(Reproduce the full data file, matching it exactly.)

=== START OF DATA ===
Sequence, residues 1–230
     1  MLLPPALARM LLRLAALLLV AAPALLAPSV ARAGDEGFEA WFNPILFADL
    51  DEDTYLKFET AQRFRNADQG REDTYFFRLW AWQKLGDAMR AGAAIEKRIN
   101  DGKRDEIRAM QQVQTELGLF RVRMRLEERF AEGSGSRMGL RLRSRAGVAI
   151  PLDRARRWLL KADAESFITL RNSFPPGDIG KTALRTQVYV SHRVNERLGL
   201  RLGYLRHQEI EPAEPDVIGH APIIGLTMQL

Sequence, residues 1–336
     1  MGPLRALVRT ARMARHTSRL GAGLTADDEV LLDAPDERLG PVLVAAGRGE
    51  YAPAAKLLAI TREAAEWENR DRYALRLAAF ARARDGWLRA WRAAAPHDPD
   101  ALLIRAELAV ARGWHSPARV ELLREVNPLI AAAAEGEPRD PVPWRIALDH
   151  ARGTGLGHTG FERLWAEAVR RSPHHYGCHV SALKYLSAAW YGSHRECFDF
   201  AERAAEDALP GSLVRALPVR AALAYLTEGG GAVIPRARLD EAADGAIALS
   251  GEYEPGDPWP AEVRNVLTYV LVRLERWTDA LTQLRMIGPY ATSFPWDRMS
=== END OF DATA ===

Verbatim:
Sequence, residues 1–230
     1  MLLPPALARM LLRLAALLLV AAPALLAPSV ARAGDEGFEA WFNPILFADL
    51  DEDTYLKFET AQRFRNADQG REDTYFFRLW AWQKLGDAMR AGAAIEKRIN
   101  DGKRDEIRAM QQVQTELGLF RVRMRLEERF AEGSGSRMGL RLRSRAGVAI
   151  PLDRARRWLL KADAESFITL RNSFPPGDIG KTALRTQVYV SHRVNERLGL
   201  RLGYLRHQEI EPAEPDVIGH APIIGLTMQL

Sequence, residues 1–336
     1  MGPLRALVRT ARMARHTSRL GAGLTADDEV LLDAPDERLG PVLVAAGRGE
    51  YAPAAKLLAI TREAAEWENR DRYALRLAAF ARARDGWLRA WRAAAPHDPD
   101  ALLIRAELAV ARGWHSPARV ELLREVNPLI AAAAEGEPRD PVPWRIALDH
   151  ARGTGLGHTG FERLWAEAVR RSPHHYGCHV SALKYLSAAW YGSHRECFDF
   201  AERAAEDALP GSLVRALPVR AALAYLTEGG GAVIPRARLD EAADGAIALS
   251  GEYEPGDPWP AEVRNVLTYV LVRLERWTDA LTQLRMIGPY ATSFPWDRMS